Halo Infinite is finally available today (Dec. 8) in its entirety. While gamers have been able to dive into the multiplayer part of the game for the last few weeks, today marks the first time that the game's story campaign is available.
If you've broken the shackles of physical media and purchased the game digitally, you can start downloading the game at 1 p.m. Eastern time. If you have the disc, though, you may run into a small problem: Halo Infinite's campaign isn't on the disc, at least not in its entirety.
This information comes from Eurogamer, which measured how much data the Halo Infinite disc installs versus how much the console needs to download. The disc contains 15 GB worth of campaign data, but the full game is much larger: 25 GB for the campaign, as well as 4 GB for the multiplayer component. (You need the multiplayer portion of the game even if you want to play only the campaign.)
If you have a strong internet connection without data caps, this admittedly isn't much of an issue. You can't preload the campaign either way, so if you boot up your Xbox at 1 p.m., you can have the game ready to play by dinnertime.
But it does raise an interesting question: What good is buying a physical copy of a game if you can't actually play it out of the box?
Most modern games, including Halo Infinite, have substantial Day-One patches that you'll want to download to get the best experience. Yet generally speaking, discs ship with a playable copy of the game.
This can be a boon for players with weak internet connections or restrictive data caps. It's also a safeguard against the Microsoft Store eventually shutting down. Someday in the far future, you'll no longer be able to download Halo Infinite, but a disc (in theory) should always be readable.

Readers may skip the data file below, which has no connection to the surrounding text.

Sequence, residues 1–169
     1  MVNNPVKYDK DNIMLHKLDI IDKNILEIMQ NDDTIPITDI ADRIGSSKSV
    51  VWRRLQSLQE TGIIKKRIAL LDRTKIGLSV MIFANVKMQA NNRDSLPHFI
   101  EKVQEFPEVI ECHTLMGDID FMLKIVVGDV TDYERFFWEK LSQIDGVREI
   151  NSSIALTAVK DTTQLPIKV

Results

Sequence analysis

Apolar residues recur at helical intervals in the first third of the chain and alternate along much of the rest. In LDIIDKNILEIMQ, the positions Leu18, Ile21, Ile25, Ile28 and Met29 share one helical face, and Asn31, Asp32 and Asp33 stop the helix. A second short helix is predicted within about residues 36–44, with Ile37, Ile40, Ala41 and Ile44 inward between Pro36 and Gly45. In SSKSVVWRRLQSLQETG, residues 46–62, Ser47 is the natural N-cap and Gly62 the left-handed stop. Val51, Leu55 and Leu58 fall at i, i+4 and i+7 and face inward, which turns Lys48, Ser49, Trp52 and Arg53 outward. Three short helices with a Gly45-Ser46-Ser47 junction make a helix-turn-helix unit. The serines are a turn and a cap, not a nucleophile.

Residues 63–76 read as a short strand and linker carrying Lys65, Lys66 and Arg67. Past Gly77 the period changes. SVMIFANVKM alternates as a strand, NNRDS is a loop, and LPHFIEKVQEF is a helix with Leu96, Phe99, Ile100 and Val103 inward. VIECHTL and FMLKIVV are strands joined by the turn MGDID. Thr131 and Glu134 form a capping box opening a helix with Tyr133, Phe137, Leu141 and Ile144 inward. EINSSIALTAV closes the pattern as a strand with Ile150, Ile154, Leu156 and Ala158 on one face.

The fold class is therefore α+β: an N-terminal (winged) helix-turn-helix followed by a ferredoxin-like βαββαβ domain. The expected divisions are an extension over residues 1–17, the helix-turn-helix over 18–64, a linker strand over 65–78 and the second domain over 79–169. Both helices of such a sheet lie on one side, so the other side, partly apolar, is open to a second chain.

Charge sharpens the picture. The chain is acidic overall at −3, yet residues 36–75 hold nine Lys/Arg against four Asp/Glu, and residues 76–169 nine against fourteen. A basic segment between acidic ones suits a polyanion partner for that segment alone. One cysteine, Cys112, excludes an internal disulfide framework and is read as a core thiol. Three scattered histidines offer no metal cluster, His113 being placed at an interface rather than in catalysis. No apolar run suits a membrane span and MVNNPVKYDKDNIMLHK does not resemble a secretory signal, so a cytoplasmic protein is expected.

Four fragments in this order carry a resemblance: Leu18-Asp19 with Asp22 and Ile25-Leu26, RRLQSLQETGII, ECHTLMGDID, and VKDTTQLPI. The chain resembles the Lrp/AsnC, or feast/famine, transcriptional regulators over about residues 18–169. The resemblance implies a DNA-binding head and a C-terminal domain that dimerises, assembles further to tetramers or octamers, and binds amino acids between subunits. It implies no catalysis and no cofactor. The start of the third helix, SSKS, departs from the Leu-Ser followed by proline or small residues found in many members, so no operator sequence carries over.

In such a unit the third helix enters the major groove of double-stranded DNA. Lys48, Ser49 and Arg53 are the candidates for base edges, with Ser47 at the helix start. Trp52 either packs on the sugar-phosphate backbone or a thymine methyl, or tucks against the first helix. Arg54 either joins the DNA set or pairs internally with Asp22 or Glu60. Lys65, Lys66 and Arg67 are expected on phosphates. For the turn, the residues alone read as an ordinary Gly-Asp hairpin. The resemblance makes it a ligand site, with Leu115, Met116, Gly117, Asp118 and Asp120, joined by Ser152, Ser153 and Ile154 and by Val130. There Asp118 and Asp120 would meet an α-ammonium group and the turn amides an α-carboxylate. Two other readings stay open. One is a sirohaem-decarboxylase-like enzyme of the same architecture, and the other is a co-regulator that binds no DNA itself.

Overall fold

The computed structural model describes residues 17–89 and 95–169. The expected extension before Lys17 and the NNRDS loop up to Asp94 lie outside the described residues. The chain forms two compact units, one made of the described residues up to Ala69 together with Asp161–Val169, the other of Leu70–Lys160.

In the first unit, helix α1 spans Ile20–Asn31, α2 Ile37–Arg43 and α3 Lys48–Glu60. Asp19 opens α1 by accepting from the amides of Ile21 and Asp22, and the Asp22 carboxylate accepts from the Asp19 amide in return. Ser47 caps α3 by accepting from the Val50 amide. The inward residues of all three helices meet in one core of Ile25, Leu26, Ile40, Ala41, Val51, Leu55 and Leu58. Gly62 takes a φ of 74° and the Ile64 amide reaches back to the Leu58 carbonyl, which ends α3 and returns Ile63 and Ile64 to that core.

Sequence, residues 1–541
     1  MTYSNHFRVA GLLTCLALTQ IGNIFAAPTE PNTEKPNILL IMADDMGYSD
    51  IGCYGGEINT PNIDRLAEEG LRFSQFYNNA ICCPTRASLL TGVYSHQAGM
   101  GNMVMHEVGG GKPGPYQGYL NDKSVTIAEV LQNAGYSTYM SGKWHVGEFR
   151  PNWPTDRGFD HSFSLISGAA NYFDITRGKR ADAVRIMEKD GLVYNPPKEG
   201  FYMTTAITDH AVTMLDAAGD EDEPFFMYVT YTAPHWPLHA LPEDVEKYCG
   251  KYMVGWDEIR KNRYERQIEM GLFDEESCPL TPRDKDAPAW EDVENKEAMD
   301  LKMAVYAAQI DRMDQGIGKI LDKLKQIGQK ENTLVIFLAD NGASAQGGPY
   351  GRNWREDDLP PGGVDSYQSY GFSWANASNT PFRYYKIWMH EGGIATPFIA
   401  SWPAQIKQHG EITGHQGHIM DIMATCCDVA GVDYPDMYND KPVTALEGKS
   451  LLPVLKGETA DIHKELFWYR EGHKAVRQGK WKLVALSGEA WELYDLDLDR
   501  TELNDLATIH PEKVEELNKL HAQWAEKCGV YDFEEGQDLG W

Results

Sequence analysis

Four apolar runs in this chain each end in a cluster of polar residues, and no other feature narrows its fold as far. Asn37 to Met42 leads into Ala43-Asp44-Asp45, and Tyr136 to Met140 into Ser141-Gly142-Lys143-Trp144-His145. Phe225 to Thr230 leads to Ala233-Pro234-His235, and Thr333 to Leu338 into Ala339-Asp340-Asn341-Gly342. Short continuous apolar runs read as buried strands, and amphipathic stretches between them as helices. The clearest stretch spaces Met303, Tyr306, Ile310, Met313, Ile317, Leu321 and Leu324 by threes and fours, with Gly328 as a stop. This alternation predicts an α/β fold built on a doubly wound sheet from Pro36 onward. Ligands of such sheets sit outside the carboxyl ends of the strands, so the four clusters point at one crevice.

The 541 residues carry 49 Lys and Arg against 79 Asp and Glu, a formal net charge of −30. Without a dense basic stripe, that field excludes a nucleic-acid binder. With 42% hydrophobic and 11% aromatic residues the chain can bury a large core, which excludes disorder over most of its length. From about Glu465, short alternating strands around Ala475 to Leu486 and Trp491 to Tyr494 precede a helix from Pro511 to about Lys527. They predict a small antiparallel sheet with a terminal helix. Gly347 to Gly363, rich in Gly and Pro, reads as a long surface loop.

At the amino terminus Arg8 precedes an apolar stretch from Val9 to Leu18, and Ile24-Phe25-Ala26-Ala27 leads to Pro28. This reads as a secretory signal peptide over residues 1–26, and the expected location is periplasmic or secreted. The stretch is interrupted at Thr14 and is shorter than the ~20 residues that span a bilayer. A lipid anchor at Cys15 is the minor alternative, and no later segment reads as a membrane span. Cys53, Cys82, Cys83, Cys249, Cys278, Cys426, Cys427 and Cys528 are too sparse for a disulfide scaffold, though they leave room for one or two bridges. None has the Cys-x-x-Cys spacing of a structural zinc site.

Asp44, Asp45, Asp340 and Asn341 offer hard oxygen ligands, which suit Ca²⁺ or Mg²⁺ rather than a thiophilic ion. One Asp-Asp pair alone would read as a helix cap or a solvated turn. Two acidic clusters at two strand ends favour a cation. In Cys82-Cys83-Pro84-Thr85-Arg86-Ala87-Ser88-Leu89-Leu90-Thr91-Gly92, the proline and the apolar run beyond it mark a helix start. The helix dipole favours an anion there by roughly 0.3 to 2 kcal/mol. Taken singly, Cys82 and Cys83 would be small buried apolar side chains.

Microsoft hasn't explained the exact breakdown between the data stored on Halo Infinite's disc and the data the game requires players to download from the Microsoft Store. Either way, though, simply inserting the disc into your Xbox will not be enough to start playing the campaign. What, precisely, is the value of buying a disc if you have to download the better part of the game, anyway?
This problem isn't exclusive to Microsoft, granted. If you buy a physical copy of BioShock: The Collection on Nintendo Switch, you'll have to download most of the data before you can play it. The physical disc or cartridge offers no advantage over digital copies, and one significant disadvantage: You still need to keep the physical media in your system while you play the game.
In any case, Halo Infinite is finally here, and it seems like it was worth the wait. Our Halo Infinite review awarded the game 3.5 out of five stars, claiming that it's "exactly what the franchise needed." That seems worth waiting a few more hours. Xbox One owners should also be aware that Halo Infinite runs pretty well on older hardware, even if it doesn't have all the same visual appeal.